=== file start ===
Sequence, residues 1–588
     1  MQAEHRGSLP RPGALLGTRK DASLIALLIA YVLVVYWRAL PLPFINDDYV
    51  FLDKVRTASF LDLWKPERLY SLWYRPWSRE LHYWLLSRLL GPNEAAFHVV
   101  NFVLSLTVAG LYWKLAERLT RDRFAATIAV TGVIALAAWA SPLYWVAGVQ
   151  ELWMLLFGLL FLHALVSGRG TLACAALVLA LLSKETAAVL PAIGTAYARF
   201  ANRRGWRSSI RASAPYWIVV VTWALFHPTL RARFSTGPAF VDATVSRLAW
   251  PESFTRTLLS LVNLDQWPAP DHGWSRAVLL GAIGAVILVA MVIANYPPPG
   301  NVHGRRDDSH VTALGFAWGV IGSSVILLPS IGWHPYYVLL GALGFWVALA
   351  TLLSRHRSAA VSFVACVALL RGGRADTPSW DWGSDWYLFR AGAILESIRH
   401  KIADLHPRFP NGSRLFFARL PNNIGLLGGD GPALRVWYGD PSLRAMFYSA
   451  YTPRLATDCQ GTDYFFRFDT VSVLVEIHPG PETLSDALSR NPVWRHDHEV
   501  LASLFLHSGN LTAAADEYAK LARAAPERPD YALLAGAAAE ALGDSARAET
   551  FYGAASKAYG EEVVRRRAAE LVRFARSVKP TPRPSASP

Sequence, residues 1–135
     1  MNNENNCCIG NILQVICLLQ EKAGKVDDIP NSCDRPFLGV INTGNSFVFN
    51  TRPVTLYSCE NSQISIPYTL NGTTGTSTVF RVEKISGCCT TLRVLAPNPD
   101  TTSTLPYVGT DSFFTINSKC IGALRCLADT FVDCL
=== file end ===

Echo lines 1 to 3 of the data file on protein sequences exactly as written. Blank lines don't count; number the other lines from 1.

Sequence, residues 1–588
     1  MQAEHRGSLP RPGALLGTRK DASLIALLIA YVLVVYWRAL PLPFINDDYV
    51  FLDKVRTASF LDLWKPERLY SLWYRPWSRE LHYWLLSRLL GPNEAAFHVV